Monday, July 9, 2012
an apology to vespula vulgaris
people have their own methods for handling stress—methods that perhaps aren't so much methods as they are involuntary brain responses, the old autonomic nervous system kicking in and doing its job—for determining whether a situation calls for an actual, all-out state of emergency, meaning panic mode has been activated, or not, and figuring out how they will deal with it. it may not be a newsworthy type of emergency, or one that requires lengthy telephone consultations or a trip to the doctor, or the kind that necessitates pressing 911, but it could be an emergency that is little, so little, in fact, that it escapes the notice of most people, but certainly not those for whom it requires immediate attention.
"oh my god, please hurry up! it's huge!" she yells from upstairs.
i don't know exactly when i became the go-to person for this particular kind of little emergency—it was certainly a long time ago—but i know that since i became that person i have had the joy of experiencing many intimate eye to eye and nose to nose moments with several species of buzzing and scampering bugs. i don't bother asking myself why me? because i already know why me.
oftentimes i am the only person—and that's including when there are males of our species on the scene—who will not flinch and just get on with the dirty business. whether it's in my own home, or the home of someone else, if there's a scuttling spider or a flying thing with a stinger coming out of its rear end (or, more accurately, its abdomen) i'm the one who is called upon to remove the intruder.
flying insects, spiders, beetles, centipedes, worms, slugs, ants, and other creepy crawlies don't bother me—they never have. (but i don't like lyme-disease-carrying deer ticks, and i especially don't like nasty black earwigs, with their scary looking curved pincers, that you sometimes see in drains or cellars; you know, those bugs that crawl in you ear, bore through your brain and lay a pile of eggs in there.*)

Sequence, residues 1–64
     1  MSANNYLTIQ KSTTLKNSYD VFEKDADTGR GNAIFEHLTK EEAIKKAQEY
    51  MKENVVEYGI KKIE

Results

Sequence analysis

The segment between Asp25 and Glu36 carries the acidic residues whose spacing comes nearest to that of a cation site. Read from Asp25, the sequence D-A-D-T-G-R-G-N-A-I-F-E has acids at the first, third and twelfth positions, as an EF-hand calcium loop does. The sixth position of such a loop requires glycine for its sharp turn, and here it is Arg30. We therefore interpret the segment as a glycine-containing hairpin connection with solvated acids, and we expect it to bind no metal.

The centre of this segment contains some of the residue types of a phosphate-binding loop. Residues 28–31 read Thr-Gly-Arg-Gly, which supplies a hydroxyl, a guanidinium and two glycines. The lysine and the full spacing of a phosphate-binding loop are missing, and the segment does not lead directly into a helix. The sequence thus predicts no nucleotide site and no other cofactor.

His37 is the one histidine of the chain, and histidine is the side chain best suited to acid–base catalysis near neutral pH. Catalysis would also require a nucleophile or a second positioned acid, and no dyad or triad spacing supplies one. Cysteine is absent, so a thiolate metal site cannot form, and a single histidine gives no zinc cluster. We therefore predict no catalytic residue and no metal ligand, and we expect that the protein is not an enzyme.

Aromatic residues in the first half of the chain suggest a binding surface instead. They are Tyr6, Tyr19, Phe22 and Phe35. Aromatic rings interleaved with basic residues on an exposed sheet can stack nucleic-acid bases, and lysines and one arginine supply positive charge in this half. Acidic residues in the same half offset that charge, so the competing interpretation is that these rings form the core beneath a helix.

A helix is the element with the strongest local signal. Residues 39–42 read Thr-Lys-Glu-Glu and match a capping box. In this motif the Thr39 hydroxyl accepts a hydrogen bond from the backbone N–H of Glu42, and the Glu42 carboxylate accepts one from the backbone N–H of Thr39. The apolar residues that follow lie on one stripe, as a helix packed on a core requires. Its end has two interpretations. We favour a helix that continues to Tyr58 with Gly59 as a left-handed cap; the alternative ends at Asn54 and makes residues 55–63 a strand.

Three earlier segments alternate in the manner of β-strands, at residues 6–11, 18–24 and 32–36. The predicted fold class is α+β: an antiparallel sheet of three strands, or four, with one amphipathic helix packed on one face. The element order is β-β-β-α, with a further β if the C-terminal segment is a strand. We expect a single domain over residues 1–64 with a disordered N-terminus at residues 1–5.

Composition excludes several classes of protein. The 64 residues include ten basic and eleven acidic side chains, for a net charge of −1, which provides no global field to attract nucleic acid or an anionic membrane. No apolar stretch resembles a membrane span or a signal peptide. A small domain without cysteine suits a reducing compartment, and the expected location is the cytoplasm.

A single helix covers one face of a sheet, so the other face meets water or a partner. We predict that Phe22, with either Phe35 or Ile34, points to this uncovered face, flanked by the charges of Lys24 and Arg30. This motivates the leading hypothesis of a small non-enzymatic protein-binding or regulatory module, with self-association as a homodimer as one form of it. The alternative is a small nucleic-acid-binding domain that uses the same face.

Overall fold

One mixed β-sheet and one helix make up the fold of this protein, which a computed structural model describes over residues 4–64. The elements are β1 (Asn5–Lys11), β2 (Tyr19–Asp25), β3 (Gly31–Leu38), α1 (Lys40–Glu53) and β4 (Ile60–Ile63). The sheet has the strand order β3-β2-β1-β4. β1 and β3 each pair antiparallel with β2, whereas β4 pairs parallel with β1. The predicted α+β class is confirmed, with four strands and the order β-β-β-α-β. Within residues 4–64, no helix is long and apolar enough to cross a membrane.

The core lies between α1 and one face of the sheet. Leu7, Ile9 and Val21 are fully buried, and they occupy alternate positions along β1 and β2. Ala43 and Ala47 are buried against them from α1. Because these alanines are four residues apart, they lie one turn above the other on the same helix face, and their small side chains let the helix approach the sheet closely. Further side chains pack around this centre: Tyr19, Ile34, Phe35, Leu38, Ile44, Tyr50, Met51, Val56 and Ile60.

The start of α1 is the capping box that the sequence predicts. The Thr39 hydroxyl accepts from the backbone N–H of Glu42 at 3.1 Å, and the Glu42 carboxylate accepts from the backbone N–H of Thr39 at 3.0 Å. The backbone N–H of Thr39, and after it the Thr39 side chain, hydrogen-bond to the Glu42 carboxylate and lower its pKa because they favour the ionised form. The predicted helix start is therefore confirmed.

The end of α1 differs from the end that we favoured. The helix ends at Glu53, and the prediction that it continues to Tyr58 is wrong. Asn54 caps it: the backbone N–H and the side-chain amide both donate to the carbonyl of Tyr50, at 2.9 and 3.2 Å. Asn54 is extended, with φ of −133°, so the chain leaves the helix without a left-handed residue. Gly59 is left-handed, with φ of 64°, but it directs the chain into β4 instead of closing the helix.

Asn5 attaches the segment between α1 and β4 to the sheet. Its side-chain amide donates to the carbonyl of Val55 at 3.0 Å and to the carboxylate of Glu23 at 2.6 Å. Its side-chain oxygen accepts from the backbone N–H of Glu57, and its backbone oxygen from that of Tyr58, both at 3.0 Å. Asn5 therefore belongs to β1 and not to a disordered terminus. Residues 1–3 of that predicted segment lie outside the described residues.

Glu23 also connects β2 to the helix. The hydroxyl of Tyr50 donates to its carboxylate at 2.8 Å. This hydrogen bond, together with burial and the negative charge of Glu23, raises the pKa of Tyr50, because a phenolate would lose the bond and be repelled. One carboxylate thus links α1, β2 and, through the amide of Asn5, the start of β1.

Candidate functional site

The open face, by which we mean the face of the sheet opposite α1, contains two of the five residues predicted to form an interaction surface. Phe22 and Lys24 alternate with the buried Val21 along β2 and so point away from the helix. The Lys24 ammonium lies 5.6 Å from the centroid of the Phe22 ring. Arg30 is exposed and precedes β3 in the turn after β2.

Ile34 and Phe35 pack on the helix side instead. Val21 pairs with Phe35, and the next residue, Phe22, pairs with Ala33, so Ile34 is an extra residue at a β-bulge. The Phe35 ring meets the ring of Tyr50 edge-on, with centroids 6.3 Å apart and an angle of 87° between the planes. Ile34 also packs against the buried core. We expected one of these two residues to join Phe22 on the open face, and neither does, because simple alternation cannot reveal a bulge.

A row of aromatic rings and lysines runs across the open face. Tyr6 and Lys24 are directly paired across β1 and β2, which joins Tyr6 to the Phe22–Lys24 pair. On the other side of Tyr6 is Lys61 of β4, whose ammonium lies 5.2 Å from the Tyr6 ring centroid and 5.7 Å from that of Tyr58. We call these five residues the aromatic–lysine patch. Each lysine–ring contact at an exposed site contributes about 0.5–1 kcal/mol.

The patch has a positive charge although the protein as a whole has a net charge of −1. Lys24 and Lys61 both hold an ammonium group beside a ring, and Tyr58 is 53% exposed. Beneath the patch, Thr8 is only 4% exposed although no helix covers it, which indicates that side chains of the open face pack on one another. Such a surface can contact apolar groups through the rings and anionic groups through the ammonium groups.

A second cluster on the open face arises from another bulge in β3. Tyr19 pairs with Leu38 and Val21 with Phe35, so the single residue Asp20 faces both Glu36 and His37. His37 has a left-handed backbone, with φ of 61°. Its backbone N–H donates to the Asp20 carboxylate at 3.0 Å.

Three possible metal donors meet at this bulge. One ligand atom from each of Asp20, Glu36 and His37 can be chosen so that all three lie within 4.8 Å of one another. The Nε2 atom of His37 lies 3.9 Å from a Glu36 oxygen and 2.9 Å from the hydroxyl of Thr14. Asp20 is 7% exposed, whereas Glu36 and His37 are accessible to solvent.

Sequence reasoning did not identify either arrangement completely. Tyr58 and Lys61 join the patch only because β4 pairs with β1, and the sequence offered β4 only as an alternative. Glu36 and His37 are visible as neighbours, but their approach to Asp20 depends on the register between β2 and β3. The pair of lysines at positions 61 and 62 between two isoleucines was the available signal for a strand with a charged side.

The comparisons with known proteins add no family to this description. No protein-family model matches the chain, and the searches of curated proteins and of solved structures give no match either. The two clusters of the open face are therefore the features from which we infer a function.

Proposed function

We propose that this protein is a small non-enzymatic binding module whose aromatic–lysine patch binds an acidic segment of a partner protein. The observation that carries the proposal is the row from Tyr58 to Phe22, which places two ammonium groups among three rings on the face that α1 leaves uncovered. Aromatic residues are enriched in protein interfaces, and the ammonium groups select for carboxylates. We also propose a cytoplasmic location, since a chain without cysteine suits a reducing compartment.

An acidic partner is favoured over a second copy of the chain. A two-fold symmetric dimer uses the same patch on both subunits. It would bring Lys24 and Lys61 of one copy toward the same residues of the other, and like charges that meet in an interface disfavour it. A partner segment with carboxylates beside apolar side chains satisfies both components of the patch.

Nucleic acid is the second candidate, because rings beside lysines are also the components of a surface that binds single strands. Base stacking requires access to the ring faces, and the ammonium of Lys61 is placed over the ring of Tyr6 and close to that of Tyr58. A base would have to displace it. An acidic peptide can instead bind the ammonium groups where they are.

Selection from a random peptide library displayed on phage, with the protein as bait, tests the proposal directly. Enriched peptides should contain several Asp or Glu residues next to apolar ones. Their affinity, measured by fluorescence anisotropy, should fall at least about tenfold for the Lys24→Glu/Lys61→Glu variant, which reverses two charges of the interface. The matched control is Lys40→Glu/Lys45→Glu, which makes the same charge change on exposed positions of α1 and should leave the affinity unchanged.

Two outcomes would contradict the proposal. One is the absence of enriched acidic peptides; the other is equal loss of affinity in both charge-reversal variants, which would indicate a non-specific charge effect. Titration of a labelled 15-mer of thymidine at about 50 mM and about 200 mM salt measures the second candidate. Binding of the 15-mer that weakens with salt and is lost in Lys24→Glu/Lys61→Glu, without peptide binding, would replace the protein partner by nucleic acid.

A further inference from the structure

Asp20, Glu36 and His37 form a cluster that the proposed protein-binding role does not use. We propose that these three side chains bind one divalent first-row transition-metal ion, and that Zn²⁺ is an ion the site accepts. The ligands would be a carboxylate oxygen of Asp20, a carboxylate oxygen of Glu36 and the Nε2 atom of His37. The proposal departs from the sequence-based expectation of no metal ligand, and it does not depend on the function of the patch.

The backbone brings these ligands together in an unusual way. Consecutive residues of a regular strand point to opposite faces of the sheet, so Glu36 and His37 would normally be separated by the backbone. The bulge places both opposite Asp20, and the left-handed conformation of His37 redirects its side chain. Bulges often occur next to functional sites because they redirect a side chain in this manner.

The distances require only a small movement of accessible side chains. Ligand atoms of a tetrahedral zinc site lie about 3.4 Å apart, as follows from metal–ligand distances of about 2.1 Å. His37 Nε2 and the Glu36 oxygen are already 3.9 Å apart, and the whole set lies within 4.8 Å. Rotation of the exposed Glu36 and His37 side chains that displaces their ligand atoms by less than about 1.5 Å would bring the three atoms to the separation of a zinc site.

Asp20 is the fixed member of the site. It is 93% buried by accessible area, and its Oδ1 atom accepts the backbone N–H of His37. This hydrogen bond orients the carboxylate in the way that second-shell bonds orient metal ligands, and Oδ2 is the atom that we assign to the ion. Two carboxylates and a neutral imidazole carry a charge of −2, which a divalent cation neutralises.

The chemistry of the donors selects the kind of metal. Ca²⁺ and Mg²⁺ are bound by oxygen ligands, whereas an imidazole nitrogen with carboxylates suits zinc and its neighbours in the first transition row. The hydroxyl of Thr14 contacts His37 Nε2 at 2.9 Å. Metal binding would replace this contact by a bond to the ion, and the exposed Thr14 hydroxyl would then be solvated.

when the need arises—when errant bugs stray into the house—i am viewed as a kind of insect executioner, although, if i can avoid it, i generally don't execute bugs—i don't believe in execution—i merely relocate the offender.
the time has come. i am being summoned.
"it's in there," she says with a shaky voice, pointing an unsteady finger at the closed bathroom door. (this time it's hannah with insect issues, but it could just as easily have been alex or christina, or my mother-in-law, who is deathly afraid of spiders because she has always maintained she is severely—that's severely—allergic to their venom. i dare anyone to try telling her there are no venomous spiders anywhere near here.)
i am prepared. i have armed myself with a jar and a good, solid, just-in-case paperback.
then it's over. afterwards, i feel a little sad.
i was impatient. i was frustrated. i acted too quickly. i couldn't scoop vespula into the jar, and my attempts to capture the wasp were making it nervous, thus making me nervous (i don't mind bugs, but, like everyone else, i don't look forward to being stung.) i should have removed the screen where the wasp was focusing on its struggle, zigging and zagging and aiming for the light, only trying to get free, only trying to live. (wasps are, after all, beneficial to the environment, and are a welcome predator because they prey upon so many insect pest populations.) i should simply have let it out into the garden.
it's too late for should have, though, because i didn't.
*according to hollywood and nobody else